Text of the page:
I think that far down the road there will be new designations for 777 model but not the -400. I think Boeing will, just as they are doing now with the 747-8, upgrade the 777 with 787 technology and newer engines. The 777-8 and the 777-9 come to mind. Probably the 777-8 (or a long range version of it if it makes sense to have several sub-types e.g. ER or LR) will be the first aircraft to be able to fly nonstop from LHR to SYD and back on any day with any weather.


I want the European Union flag on airliners.net!
User currently offlineShenzhen From United States of America, joined Jun 2003, 1706 posts, RR: 2
Reply 14, posted (8 years 2 months 3 weeks 4 days 14 hours ago) and read 13111 times:

Quoting Superhub (Reply 4):
So using this logic, all 747s have the same fuselage lenghts. Why were they designated -100, -200, -300, -400? And even if we account for the upper deck lengths, then why did Boeing not group -100 and -200 together, and -300 and -400 together?

Answers appreciated.

What you say is absolutely correct. My gut tells me it was marketing, to make the 747-4 look like a new product, since they digitized an analog airplane, put new engines under the wing and reduced the flight crew to two. Something that is similiar to the A330 vs the A350 name.

In additon, The 777-200LR isn't a replacement airplane (777-200ER will still exist), but one with a higher gross weight. The 747-400 replaced the 747-300.

just two cents... cheers


User currently offlineCPH757 From Denmark, joined Sep 2005, 684 posts, RR: 2
Reply 15, posted (8 years 2 months 3 weeks 4 days 14 hours ago) and read 13058 times:

Quoting Uadc8contrail (Reply 10):
a stretched 300 that had some crazy powerful engines that i dont know how much longer you could structurally stretch the 300????

Not much. Remember that the 773ER is stretched an incredible 10 meters from the 772. Not just the regular 3-4 meter stretch. That was simply too boring for the engineers  wink 



Last flight: SAW-CPH on H9 on 02/11/09 - Next Flights: 23/12/09 CPH-AAL on QI, 30/12/09 CPH-LHR on SK, 19/01/10 CPH-CDG-
User currently offlineSolnabo From Sweden, joined Jan 2008, 847 posts, RR: 2
Reply 16, posted (8 years 2 months 3 weeks 4 days 14 hours ago) and read 13025 times:

Can you tell the diffrence (as a spotter) between B772A/ER/LR?

Micke//SE  wave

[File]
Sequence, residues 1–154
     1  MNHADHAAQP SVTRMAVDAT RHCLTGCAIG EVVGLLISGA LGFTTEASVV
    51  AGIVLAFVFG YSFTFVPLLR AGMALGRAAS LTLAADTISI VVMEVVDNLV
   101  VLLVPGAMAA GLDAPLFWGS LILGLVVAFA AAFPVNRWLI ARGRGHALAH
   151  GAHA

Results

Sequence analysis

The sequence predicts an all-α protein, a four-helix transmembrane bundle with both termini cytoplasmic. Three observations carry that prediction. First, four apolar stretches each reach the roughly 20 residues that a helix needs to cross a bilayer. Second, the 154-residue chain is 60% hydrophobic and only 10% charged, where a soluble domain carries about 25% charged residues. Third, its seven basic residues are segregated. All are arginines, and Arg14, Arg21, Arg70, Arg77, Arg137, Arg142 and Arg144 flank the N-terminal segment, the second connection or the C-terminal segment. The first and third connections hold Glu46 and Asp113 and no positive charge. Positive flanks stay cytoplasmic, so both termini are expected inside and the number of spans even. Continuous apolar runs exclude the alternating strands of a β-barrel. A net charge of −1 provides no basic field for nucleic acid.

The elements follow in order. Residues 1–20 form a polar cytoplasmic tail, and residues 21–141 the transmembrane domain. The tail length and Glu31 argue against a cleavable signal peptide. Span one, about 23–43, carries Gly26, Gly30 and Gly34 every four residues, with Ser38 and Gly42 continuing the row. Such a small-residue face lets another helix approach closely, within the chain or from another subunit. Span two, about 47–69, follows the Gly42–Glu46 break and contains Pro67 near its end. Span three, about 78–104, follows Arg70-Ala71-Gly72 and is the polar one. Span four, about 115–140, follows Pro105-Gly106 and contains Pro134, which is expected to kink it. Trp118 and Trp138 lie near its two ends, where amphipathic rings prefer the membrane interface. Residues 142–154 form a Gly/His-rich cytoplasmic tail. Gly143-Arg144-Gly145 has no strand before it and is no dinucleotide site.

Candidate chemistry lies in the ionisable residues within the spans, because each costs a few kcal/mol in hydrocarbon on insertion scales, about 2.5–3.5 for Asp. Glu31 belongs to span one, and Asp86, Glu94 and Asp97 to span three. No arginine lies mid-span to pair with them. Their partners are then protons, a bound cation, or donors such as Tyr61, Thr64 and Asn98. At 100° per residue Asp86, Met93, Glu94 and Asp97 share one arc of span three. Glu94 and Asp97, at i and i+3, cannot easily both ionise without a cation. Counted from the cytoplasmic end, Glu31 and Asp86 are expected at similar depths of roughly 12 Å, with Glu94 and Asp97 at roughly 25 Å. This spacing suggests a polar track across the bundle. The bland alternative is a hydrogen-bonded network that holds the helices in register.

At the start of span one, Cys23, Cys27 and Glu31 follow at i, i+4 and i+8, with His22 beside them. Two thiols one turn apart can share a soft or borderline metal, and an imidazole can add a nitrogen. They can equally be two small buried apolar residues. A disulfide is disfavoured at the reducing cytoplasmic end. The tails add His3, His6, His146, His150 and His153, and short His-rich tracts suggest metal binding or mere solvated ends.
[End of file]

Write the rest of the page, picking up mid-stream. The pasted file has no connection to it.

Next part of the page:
Airbus SAS - Love them both
User currently offlineDalb777 From United States of America, joined May 2005, 2192 posts, RR: 0
Reply 17, posted (8 years 2 months 3 weeks 4 days 7 hours ago) and read 12701 times:

Quoting Solnabo (Reply 21):
Can you tell the diffrence (as a spotter) between B772A/ER/LR?

The LR has raked wingtips like the 767-400.



Geaux Tigers! Geaux Hornets! Geaux Saints! WHO DAT!!!
User currently offlineFlyCaledonian From United Kingdom, joined Dec 2003, 2048 posts, RR: 3
Reply 18, posted (8 years 2 months 3 weeks 4 days 7 hours ago) and read 12645 times:

Quoting Superhub (Reply 4):
So using this logic, all 747s have the same fuselage lenghts. Why were they designated -100, -200, -300, -400? And even if we account for the upper deck lengths, then why did Boeing not group -100 and -200 together, and -300 and -400 together?

The 747-100 was the base model. Came with P&W engines, upper deck was smaller inside, usually used as a lounge.

The 747-200B had greater range, MTOW. Introduced engine choice with addition of RR and GE. Upper deck lengthened internally (Lots of 741s were retorfitted with this). Also offered in Combi and Freighter versions.

The 747-300 introduced the Stretched Upper Deck (SUD). KLM most notably had majority of their 742s modified with this, but as not new build they were 747-200B(SUD). Some JL 741s modified with SUD too I believe. Range was less than a 742 though, similar to a 741, because of extra weight.

The 747-400 introduced glass, two-man cockpit, wing tips, greatly increased range, newer engines, etc. It was a technological leap from the 747 classics.
The 747-400ER has greater range still, 777 style interior, higher MTOW, but is still essentially a 744, so it wasn't a 747-500.

The reason the 772 has not taken a new designation is that although modifications have been made none are dramatic enough to warrant a new designation. Changes take place to aircraft throughout their lives - a 1990 built A320-200 will not be the same as a 2006 built example, but it doesn't warrant it becoming an A320-300.



Let's Go British Caledonian!
User currently offlineSeanp11 From United States of America, joined Jan 2006, 290 posts, RR: 0
Reply 19, posted (8 years 2 months 3 weeks 4 days 7 hours ago) and read 12614 times:

Quoting Areopagus (Reply 8):